I know that for non-COVID safety reasons, the swimming pools are likely to take a little time – maybe two weeks - to be able to open. But when they are ready, they can open.
One thing that will last just a little beyond Thursday is the speed limit that we put in place. As we have previously announced, this has in any case increased to 60 miles per hour from today. Our plan is that it will revert fully to its pre-COVID state on 22 June.
I am delighted that we have been able to get to this place. By the time these last changes take place, we will almost have taken the final steps out of your lives. You have earned it.
I don’t want to rain on this positive parade. But this is probably the right moment for me to talk about what happens if we do start seeing cases again on our Island.
As I have mentioned before, we are well equipped to respond to any cases popping up. And we are of course doing everything we can to prevent that happening.
Although we only have a small number of people arriving at our borders – every one presents a risk to us. The small numbers of people who are coming onto the Island – returning residents and those critical to keeping the Island running – still have to quarantine.
But if we do see a new case or two, we will be ready to contact trace and break that chain again. We will maintain our testing capacity until it is no longer needed. We will stay vigilant and ready to respond.
Everyone has a role to play to maintain this state of readiness. If any of you develop symptoms – please, whatever you do, don’t assume that it can’t be COVID. Do the responsible thing. Stay at home. Call 111.
Businesses also have a role to play. Although we have removed the legal requirement for social distancing, we will need businesses to consider the implications should we see a return of COVID. We may need to bring back some measures at some stage. And we may need to do so quickly with little notice. This will be a last resort. I would like every business to carefully consider if they are ready to act should the need arise.
To help us all with this, we have developed a new document. Many of you will remember the Stay Safe document. This is how we described how we would go from lock down to the more normal situation we find ourselves in today.
The new document will be something like a reverse roadmap. It will describe what might trigger a return of some of our measures. I will be talking a bit more about this in Tynwald tomorrow. We will then finish discussions with industry, our clinicians and our public health officers. We hope to publish the document by this time next week.
I want as many people as possible to be familiar with it. So that together we understand what we may have to do. And so that we are prepared to act quickly should the need arise.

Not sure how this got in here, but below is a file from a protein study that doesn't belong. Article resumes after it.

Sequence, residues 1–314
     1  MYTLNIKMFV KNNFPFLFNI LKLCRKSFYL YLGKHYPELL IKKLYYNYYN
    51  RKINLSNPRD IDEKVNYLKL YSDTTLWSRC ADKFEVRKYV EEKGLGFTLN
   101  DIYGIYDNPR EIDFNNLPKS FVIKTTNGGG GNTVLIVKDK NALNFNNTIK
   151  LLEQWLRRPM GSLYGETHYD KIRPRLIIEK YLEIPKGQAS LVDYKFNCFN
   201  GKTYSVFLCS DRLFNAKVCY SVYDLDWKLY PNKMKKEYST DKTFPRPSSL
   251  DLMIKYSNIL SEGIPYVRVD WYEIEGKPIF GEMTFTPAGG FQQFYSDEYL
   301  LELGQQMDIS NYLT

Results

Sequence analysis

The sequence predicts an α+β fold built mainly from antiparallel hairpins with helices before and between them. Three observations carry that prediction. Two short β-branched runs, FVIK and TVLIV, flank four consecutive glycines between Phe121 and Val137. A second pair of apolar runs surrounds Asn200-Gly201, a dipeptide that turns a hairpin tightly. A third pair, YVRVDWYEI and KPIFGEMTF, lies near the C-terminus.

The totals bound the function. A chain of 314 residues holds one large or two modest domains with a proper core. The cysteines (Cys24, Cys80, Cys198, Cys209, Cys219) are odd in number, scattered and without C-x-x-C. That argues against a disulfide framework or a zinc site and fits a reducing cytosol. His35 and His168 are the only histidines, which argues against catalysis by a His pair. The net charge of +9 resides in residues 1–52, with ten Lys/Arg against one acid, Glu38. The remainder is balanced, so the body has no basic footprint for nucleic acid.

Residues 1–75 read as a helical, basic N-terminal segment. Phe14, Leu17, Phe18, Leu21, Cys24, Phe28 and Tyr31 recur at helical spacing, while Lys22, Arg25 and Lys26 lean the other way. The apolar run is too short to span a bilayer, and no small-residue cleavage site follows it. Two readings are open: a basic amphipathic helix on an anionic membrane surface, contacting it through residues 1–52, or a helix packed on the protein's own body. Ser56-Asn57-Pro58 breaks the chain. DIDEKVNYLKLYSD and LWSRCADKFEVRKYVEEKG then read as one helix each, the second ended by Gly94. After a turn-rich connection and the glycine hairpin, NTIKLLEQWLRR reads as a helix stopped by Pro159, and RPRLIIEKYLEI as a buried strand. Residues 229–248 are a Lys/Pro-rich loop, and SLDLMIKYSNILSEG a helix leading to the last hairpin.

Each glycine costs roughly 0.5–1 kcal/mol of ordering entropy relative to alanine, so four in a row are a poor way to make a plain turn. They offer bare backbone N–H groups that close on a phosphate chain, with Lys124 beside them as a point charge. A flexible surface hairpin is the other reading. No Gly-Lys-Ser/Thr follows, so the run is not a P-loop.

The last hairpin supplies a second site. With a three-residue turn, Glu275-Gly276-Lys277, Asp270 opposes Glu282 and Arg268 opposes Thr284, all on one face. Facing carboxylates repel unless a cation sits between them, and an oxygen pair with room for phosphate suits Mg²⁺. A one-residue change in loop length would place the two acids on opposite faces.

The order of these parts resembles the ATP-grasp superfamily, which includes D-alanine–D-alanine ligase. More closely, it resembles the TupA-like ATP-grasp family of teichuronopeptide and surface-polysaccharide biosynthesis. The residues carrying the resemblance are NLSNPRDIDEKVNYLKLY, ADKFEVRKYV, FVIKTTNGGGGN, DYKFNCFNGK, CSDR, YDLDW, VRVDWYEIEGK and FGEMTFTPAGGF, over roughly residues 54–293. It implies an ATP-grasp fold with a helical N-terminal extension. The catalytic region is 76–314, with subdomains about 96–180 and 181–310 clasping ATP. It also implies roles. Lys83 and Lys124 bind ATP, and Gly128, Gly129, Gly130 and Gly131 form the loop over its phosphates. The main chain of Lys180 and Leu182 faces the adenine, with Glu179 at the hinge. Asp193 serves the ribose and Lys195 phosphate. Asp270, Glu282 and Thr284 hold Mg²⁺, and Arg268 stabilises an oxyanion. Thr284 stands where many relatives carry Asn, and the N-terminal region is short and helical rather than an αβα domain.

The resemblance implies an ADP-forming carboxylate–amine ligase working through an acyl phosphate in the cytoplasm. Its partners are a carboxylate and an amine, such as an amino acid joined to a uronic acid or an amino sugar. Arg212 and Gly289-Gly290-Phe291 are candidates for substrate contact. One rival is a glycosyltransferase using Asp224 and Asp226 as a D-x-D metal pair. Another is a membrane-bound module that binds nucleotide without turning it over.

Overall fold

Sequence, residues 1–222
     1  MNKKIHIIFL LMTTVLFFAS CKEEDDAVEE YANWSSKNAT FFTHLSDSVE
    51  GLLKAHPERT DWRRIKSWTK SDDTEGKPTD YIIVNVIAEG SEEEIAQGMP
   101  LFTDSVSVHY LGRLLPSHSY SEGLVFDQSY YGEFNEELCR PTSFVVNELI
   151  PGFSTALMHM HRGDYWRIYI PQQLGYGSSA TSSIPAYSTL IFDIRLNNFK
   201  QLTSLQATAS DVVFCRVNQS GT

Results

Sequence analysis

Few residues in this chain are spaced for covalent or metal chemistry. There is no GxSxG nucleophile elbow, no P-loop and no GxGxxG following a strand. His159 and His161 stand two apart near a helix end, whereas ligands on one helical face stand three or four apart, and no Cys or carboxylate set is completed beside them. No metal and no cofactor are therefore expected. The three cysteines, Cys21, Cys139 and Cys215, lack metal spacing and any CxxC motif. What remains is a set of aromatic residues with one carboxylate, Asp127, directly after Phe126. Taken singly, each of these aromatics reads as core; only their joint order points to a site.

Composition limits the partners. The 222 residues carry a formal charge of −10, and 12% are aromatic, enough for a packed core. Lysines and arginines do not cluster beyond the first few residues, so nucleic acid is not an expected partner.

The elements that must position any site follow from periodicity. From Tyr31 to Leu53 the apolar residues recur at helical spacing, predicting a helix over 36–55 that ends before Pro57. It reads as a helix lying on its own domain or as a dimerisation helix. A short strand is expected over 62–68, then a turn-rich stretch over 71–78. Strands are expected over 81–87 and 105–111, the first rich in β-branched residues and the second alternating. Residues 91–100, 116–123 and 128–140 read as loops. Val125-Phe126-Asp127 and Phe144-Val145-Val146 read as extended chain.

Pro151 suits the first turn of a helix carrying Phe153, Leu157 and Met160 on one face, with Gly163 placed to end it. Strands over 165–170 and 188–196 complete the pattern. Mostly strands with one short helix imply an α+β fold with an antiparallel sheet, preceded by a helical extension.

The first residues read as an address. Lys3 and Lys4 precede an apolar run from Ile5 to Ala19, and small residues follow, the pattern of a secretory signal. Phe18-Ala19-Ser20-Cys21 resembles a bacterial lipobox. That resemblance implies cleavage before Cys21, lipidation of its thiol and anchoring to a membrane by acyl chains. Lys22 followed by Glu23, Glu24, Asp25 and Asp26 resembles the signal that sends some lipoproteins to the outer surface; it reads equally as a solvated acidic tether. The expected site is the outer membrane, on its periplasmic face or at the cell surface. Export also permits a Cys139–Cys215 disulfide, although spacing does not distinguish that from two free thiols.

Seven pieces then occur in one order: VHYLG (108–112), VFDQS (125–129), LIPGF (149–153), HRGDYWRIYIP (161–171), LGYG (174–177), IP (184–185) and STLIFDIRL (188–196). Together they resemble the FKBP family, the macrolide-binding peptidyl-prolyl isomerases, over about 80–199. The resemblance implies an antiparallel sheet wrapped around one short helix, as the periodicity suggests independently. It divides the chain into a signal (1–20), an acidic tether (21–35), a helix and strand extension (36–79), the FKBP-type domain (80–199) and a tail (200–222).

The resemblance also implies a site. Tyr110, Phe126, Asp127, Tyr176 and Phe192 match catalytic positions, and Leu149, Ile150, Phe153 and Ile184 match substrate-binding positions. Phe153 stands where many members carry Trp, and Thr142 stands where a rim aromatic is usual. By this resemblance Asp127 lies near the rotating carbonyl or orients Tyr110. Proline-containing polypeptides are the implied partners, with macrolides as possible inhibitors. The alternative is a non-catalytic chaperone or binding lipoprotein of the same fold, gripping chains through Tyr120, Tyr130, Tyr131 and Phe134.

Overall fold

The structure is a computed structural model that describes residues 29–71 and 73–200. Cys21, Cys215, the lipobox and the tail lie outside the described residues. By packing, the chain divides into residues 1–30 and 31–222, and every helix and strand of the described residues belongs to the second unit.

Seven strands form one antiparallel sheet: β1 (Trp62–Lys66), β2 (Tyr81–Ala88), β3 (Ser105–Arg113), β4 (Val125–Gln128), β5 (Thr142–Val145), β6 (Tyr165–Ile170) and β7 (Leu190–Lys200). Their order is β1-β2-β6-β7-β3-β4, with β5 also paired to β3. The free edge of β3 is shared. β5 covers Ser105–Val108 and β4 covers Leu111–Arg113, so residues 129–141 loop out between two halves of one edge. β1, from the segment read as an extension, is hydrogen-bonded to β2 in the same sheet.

I am sorry to maybe put a dampener on what should be a thoroughly optimistic day for our Island. But I don’t want us to forget that there is still a global pandemic going on out there. We have earned the right to be optimistic and to resume our normal lives. But we must not be complacent – and we must all continue to act responsibly.
So the question now is “what’s left”? I promised you that we would step out of your life as soon as it was safe to do so. And we have done just that.
As our society comes back together and our economy picks up, I think there are two elements remaining for us to consider.
Borders and Emergency Powers.
On borders, for the moment at least, that is simple. We are not ready to make significant changes. We still need to see a sustained improvement outside our Island – and especially in the United Kingdom. There are signs of things going in the right direction but they are not yet at a place where we can risk people coming back and forth and potentially importing the virus.
On emergency powers, with the removal of the next batch of measures today and over the next week there will be precious few powers still remaining that come from the Emergency Proclamation. I will be making a statement tomorrow in Tynwald tomorrow about next steps.
For now, the Enterprise Minister and I will take questions.
After a lot of baby-steps, we are now picking up pace as we boldly stride towards the future. I know there has been a lot of change in a relatively short period. But it does feel like the right thing to do. Getting our Island up and running.
But please let’s not assume that this virus is gone for good. The basics got us here. And the basics will be no less important for as long as the global pandemic continues.
I said we would step out of your lives. I think we are almost there. Increasingly it is up to you. Up to you to keep making the responsible decisions for you and your loved ones.
Have a great week. And please stay safe.